Today in the 1913 Copper Strike

This is the first page of the letter urging the eviction of men living in company housing but supporting the strike that Haller sent to MacNaughton on this day in October 1913. (Photo is courtesy of the Michigan Tech Archives, Keweenaw Digital Archive)

This is the first page of the letter urging the eviction of men living in company housing but supporting the strike that Haller sent to MacNaughton on this day in October 1913. (Photo is courtesy of the Michigan Tech Archives, Keweenaw Digital Archive)

On this day in the strike Frank Haller, superintendent of the Osceola Consolidated Mining Company, sent the above letter to James MacNaughton, General Manager of the Calumet & Hecla Mining Company, the firm that owned Osceola Consolidated. The letter is a list of men from the Osceola mine location who were living in company housing while participating in the strike. Haller urges MacNaughton to evict the strikers: “Herewith please find lists of tenants who have made themselves obnoxious and undesirable since the strike began and should be evicted.”  A second page of the letter says “there are others at each location who are not working and may have to be evicted later; it would be well to start action on this list as soon as possible.”

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Suggested Read: Rebels on the Range

Rebels on the Range: The Michigan Copper Miner’s Strike of 1913-1914
Arthur W. Thurner
John H. Forster Press 1984

Given recent events in states like Wisconsin, I thought it appropriate to share some historical perspectives on labor relations in the Copper Country.  Rebels on the Range: The Michigan Copper Miner’s Strike of 1913-1914 by Arthur W. Thurner looks at the events of the copper strike, which began in July 1913.  With representation by the Western Federation of Miners, copper mine strikers fought for a shorter working day, improved working conditions, higher wages, and recognition of their union.  Of particular interest to worker safety was the one-man drill (as opposed to the drill that used two workers), which from a company perspective saved on wage hours but from a worker perspective greatly increased the instance of serious and possibly fatal injury.   Rebels on the Range chronicles the events which prompted the strike and discusses the events of the strike itself.  Thurner takes care to discuss those events directly related to the mines and the goals of strikers as well as those events that impacted the community and families, such as the Italian Hall disaster.  As a local of Calumet, Thurner was able to utilize local resources and interview local people to create his account of local labor history.

In addition to recommending this book for those interested in the copper miner’s strike and general labor history I would also like to recommend that you take a look at the journal Labor: Studies in Working Class History of the Americas. If you are unable to subscribe, please take a look at four articles that they recently made available to the public.  The articles listed below will help place current labor struggles into a broader historical context.  I think these articles will be great discussion starters.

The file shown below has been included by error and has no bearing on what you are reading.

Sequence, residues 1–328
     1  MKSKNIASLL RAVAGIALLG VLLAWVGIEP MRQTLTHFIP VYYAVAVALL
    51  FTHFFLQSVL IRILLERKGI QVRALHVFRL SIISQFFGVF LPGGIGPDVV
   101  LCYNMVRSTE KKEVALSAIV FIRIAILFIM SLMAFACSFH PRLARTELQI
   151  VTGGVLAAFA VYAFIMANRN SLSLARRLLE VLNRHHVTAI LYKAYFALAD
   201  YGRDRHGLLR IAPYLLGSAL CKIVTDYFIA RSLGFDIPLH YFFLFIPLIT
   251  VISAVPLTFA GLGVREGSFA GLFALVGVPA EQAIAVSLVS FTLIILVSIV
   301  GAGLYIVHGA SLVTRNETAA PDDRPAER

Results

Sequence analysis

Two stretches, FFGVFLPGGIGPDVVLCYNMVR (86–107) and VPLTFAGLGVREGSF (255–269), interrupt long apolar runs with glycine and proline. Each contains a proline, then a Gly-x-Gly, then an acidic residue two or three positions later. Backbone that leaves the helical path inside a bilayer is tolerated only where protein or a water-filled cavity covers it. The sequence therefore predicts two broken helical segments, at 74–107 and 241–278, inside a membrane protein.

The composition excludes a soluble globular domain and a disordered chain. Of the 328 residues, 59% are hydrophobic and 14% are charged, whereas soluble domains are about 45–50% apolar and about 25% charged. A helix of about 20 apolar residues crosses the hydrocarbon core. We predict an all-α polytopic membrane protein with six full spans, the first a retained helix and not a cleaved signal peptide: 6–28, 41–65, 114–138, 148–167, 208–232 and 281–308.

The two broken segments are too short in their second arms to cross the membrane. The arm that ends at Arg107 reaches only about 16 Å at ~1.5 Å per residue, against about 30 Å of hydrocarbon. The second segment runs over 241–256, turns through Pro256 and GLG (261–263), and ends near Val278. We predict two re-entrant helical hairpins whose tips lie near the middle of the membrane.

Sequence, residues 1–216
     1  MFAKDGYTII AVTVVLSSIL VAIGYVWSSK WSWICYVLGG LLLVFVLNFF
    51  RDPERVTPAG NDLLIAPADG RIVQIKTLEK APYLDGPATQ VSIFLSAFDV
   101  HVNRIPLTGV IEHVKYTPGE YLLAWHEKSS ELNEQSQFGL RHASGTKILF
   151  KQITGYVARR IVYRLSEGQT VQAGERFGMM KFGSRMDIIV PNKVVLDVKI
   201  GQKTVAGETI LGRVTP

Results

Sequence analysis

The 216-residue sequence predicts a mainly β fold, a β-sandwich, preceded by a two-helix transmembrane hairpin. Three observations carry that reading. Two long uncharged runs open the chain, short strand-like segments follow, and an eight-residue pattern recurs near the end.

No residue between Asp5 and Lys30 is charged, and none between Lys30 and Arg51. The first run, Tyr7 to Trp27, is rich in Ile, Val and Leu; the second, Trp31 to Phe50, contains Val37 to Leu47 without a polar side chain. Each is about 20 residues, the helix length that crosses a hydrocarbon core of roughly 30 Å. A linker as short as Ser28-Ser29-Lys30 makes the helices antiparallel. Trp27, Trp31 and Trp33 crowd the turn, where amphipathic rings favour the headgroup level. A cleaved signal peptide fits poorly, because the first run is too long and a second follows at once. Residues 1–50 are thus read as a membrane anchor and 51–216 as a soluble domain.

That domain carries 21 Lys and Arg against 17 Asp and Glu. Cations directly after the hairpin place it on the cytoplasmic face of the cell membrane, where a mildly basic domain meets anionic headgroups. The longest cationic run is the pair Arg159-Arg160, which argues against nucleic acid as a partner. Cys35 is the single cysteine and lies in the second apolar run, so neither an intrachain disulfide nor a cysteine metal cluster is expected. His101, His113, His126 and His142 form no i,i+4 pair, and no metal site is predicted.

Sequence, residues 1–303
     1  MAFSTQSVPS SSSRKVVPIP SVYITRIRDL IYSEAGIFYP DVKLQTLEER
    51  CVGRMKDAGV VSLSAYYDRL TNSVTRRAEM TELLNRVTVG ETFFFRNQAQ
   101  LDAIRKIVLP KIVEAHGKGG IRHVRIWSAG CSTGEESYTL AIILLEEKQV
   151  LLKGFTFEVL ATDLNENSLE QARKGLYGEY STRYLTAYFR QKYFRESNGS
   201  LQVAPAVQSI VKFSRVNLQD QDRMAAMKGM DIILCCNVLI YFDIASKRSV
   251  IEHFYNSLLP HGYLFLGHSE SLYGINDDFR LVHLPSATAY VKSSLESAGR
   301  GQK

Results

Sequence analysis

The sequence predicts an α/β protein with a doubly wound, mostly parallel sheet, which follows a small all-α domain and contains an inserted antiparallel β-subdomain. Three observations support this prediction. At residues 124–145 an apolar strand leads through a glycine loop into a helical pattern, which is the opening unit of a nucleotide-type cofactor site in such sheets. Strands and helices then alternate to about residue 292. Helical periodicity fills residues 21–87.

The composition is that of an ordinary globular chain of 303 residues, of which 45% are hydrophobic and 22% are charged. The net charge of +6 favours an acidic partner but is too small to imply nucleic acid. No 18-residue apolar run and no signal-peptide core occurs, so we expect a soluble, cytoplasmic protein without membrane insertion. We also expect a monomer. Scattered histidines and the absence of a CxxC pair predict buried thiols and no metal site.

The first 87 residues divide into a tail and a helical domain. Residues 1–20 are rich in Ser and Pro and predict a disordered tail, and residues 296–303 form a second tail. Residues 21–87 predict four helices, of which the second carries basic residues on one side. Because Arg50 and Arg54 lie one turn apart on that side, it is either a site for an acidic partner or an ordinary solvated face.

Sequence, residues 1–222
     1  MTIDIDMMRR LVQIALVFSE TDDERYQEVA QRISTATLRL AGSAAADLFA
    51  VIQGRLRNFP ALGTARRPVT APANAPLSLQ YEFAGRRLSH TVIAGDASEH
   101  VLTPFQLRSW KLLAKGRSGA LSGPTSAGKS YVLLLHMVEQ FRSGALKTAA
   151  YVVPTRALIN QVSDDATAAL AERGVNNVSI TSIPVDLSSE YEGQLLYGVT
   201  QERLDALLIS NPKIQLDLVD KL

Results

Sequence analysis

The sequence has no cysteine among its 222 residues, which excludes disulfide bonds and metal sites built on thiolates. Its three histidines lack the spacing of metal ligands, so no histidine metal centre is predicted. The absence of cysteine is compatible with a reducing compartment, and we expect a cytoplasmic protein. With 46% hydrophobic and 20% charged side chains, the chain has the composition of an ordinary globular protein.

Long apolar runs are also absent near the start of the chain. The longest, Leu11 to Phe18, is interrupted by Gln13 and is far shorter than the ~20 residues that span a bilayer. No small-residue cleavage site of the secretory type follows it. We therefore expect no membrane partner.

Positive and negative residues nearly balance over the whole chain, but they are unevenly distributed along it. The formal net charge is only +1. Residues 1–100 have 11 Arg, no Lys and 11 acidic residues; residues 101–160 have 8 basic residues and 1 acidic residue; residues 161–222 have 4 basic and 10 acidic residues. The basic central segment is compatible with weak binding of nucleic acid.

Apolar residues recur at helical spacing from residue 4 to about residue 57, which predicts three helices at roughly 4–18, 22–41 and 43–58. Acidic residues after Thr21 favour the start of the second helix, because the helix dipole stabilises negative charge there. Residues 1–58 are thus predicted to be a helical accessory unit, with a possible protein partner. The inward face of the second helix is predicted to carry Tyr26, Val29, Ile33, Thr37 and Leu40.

Joseph A. McCartin
“Fire the Hell out of Them”: Sanitation Workers’ Struggles and the Normalization of the Striker Replacement Strategy in the 1970s

Nelson Lichtenstein
Despite EFCA’s Limitations, Its Demise Is a Profound Defeat for U.S. Labor

Laura Murphy
An “Indestructible Right”: John Ryan and the Catholic Origins of the U.S. Living Wage Movement, 1906-1938

Keith Gildart
Two Kinds of Reform: Left Leadership in the British National Union of Mineworkers and the United Mineworkers of America, 1982-1990

Currently Reading: Death’s Door

Interior of Italian Hall - Photo Courtesy of MTU Archives/Keweenaw Digital Archive

Over the holidays of 1913 the Upper Peninsula of Michigan, the whole state, and the country as a whole heard news of a tragedy that took place in the city of Calumet. On Christmas Eve on the second floor of Italian Hall, a gathering place for locals, mostly striking miners and their families enjoyed a crowded and festive holiday party. At one point, someone cried “Fire” and panic swept over the crowd and people fled down the stairs and for the door. The doors were stuck. Panic swelled. Yet, there was no fire.

In the aftermath of the chaos it was found that six dozen people, many of them children, had been crushed to death in the stampede for the door. The lingering questions of how such a thing could happen and why the doors wouldn’t budge open when people tried to evacuate have intrigued local people and historians for almost a century.

I am currently reading a book that tackles the Italian Hall disaster, Death’s Door: The Truth Behind Michigan’s Largest Mass Murder by Steve Lehto. I hope to have a review in the coming week. In the meantime, please have a listen to Woody Guthrie’s song, 1913 Massacre, which was named after this tragic event.